A list of recipients obtained by CNBC reveals that at least 12 banks, a Wall Street law firm, a hedge fund and a private equity fund were on the distribution list that got the minutes early.
The banks included Fifth Third, Citigroup, UBS, Barclays, U.S. Bancorp, Goldman Sachs, Wells Fargo, HSBC, BNP Paribas, BB&T, JPMorgan Chase and PNC.
Sullivan & Cromwell, one of the most powerful Wall Street law firms, also got the email.
The email was also sent to King Street Capital Management, a hedge fund with $20 billion under management, and private equity firms The Carlyle Group and The Cypress Group.
CNBC provided no insights on who sent the e-mail early or why. However, Bloomberg did:
Brian Gross, a member of the Fed’s congressional liaison staff, distributed the March 19-20 minutes of the Federal Open Market Committee meeting at 2 p.m. yesterday.
The release was “entirely accidental,” Smith said. “This was a list of professional contacts that one individual had,” she said. “This group of individuals does not in any normal course receive any information early.” The mistake was discovered this morning, according to the central bank.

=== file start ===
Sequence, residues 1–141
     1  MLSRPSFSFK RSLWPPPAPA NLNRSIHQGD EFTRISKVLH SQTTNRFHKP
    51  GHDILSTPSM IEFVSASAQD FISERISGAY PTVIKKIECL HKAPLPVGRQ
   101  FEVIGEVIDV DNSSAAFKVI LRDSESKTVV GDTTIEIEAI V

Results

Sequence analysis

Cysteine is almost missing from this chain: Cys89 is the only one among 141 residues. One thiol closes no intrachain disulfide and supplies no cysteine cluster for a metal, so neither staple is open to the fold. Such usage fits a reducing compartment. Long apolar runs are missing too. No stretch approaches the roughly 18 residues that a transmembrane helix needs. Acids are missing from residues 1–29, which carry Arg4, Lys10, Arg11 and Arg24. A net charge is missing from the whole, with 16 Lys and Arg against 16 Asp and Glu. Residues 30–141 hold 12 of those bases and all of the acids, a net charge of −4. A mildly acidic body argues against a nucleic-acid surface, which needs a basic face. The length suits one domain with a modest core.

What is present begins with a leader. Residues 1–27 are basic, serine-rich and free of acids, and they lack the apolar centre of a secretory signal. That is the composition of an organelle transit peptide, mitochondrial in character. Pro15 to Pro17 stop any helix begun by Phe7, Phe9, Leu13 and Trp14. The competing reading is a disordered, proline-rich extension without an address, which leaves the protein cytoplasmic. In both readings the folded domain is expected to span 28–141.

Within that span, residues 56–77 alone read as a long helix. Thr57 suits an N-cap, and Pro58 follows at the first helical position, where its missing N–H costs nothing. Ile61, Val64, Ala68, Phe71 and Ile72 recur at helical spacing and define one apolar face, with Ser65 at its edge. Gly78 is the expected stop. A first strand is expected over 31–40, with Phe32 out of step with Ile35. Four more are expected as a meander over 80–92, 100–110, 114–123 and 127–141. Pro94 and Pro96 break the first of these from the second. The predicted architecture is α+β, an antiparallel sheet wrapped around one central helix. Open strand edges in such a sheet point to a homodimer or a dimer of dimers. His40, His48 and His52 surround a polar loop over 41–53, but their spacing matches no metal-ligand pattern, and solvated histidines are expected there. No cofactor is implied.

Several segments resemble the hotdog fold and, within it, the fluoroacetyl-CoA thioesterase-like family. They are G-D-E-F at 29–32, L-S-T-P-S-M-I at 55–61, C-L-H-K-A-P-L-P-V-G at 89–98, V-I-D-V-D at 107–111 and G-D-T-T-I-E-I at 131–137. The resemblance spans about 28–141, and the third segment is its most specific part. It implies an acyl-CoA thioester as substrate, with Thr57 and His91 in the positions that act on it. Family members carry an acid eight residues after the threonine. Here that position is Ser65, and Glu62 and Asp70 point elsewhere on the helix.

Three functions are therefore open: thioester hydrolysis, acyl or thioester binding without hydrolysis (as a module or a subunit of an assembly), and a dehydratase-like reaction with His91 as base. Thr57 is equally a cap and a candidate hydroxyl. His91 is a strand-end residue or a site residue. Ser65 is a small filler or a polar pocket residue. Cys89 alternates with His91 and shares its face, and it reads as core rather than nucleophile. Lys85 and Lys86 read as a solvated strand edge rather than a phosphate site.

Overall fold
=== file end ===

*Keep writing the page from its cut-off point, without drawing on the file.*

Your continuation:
How does one accidentally type and e-mail, address it their personal contacts, attach the minutes and press send?
Gross is a former staffer of former Senator Phil Gramm, a Texas Republican who was chairman of the Banking Committee from 1999 to 2001.Reuters added:
Long-time watchers of the U.S. central bank could not recall another incident when such a highly sensitive document was released a day early.
This isn't surprising under America's Government-Corporate Monstrosity, Eisenhower's MIC on trillions in federal steroids. Carlyle Group co-founder Bill Conway likes a PEU tilted playing field. How could an early release help Carlyle and its PEU brethren? And how might it help Brian Gross navigate his next high paying job with the GCM?